Expanding your business internationally is both expensive and complicated, thanks to things like taxes, fees, tariffs, and increased logistical costs. If you don’t have a plan for how to manage these additional expenses, you probably aren’t ready for international expansion.
There are lots of things you can do to simplify and streamline things here. Consider establishing strategic partnerships or joint ventures with local companies in the target country as an example. By collaborating with an established local partner, you can leverage their existing infrastructure, distribution channels, and knowledge of the local market. Of course, entering into a joint venture requires careful consideration and due diligence, so do your research first.
Unfortunately, there’s not much you can do to avoid taxes, tariffs, and laws in other countries. But you can hire a good lawyer and a good financial adviser to help you navigate this terrain effectively.
Human Resources and Organizational Identity
The bigger a business grows, the harder it is to maintain a consistent organizational culture. If your business grows to international levels, maintaining that culture is going to be even harder, since you’ll have people from multiple backgrounds working at different branches.
There are a few different strategies that can work here. If you want to keep your culture ironclad and consistent, you can spend more time and effort on recruiting and team building. If you’re more flexible, you can allow your organizational culture to be strategically compartmentalized; team members of remote locations can be given autonomy to make some decisions for themselves.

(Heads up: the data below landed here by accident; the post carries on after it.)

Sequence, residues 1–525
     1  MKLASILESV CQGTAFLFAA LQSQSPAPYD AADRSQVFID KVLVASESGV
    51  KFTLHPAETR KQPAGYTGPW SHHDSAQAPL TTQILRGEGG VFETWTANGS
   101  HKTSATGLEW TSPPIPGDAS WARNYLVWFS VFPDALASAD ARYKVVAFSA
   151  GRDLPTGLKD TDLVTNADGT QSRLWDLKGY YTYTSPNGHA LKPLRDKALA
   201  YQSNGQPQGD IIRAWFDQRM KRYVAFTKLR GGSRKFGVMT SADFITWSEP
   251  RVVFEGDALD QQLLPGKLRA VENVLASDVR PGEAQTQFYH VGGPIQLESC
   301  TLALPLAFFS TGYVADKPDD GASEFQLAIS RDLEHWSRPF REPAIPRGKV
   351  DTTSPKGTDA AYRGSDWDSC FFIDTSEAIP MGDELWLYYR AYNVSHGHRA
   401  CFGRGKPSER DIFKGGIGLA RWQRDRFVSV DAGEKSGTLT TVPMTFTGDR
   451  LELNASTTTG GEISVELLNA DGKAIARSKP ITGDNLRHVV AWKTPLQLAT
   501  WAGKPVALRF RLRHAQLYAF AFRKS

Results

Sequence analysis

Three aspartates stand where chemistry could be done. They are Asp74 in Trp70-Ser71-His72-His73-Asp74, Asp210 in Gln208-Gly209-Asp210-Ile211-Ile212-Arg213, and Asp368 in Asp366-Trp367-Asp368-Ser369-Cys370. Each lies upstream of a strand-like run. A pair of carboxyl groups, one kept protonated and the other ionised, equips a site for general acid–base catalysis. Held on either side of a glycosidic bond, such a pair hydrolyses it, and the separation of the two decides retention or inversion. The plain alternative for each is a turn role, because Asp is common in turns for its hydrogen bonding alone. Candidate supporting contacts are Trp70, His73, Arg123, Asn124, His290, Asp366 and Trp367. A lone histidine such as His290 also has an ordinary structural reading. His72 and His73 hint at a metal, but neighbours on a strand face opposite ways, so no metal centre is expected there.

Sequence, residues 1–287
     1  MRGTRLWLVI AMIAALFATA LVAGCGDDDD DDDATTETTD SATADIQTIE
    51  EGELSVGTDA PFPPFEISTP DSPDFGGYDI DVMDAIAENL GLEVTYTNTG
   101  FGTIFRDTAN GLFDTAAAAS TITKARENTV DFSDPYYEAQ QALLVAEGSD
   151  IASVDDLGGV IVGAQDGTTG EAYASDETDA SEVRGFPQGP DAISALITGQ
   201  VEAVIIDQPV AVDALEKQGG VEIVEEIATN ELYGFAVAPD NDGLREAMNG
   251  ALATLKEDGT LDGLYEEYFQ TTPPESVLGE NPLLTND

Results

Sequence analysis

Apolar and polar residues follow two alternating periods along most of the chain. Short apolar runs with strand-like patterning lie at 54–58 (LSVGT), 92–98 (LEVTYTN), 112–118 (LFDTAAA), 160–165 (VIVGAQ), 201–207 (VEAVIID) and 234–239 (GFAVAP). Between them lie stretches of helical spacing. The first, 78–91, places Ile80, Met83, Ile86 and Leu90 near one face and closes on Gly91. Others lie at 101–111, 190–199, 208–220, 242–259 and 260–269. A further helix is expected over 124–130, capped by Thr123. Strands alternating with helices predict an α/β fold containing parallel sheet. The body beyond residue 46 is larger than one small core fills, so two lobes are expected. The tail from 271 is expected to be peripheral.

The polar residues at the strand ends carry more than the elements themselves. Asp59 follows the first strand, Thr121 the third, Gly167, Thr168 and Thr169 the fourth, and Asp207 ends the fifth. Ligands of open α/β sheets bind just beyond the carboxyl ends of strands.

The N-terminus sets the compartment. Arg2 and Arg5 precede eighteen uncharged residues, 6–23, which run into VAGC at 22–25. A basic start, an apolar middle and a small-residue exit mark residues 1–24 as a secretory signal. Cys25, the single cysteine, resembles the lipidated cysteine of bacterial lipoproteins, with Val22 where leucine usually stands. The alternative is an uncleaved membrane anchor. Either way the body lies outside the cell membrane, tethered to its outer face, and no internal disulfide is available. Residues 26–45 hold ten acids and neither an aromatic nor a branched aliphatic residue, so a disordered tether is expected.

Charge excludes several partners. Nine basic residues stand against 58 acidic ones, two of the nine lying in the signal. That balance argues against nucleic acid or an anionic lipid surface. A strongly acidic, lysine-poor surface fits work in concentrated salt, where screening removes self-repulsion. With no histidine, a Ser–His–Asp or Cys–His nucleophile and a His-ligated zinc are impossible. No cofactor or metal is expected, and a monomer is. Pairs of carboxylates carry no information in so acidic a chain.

General Strategies for Success
These additional, general strategies can also help you become successful in this especially challenging era:
Choose the Right Countries
One of your most important strategic objectives is going to be choosing the right country. After all, different countries are going to present different challenges. Choosing a country with cultural similarities and no language barrier can instantly make international expansion easier. And of course, some countries are more business friendly than others.
Don’t try to expand your company into a dozen new countries right away. Start with one, and pace yourself to avoid overspending.
Encourage Autonomy and Segmented Independence
For most businesses, the best path to stable, international expansion is encouraging autonomy and segmented independence. In other words, treat separate locations as separate, hire people you trust, and let your people make their own decisions whenever possible.
Be Ready to Adapt
Expansion probably isn’t going to be a perfectly smooth process. You’ll need to be ready to adapt your plans at a moment’s notice.
Somehow, expanding a business internationally is both easier and harder than it’s ever been before. Collaborating with people across an ocean is trivially easy, but connecting with them culturally and remaining financially stable is much harder. Still, with enough forethought, research, and proactive effort, you can scale up your business with minimal friction.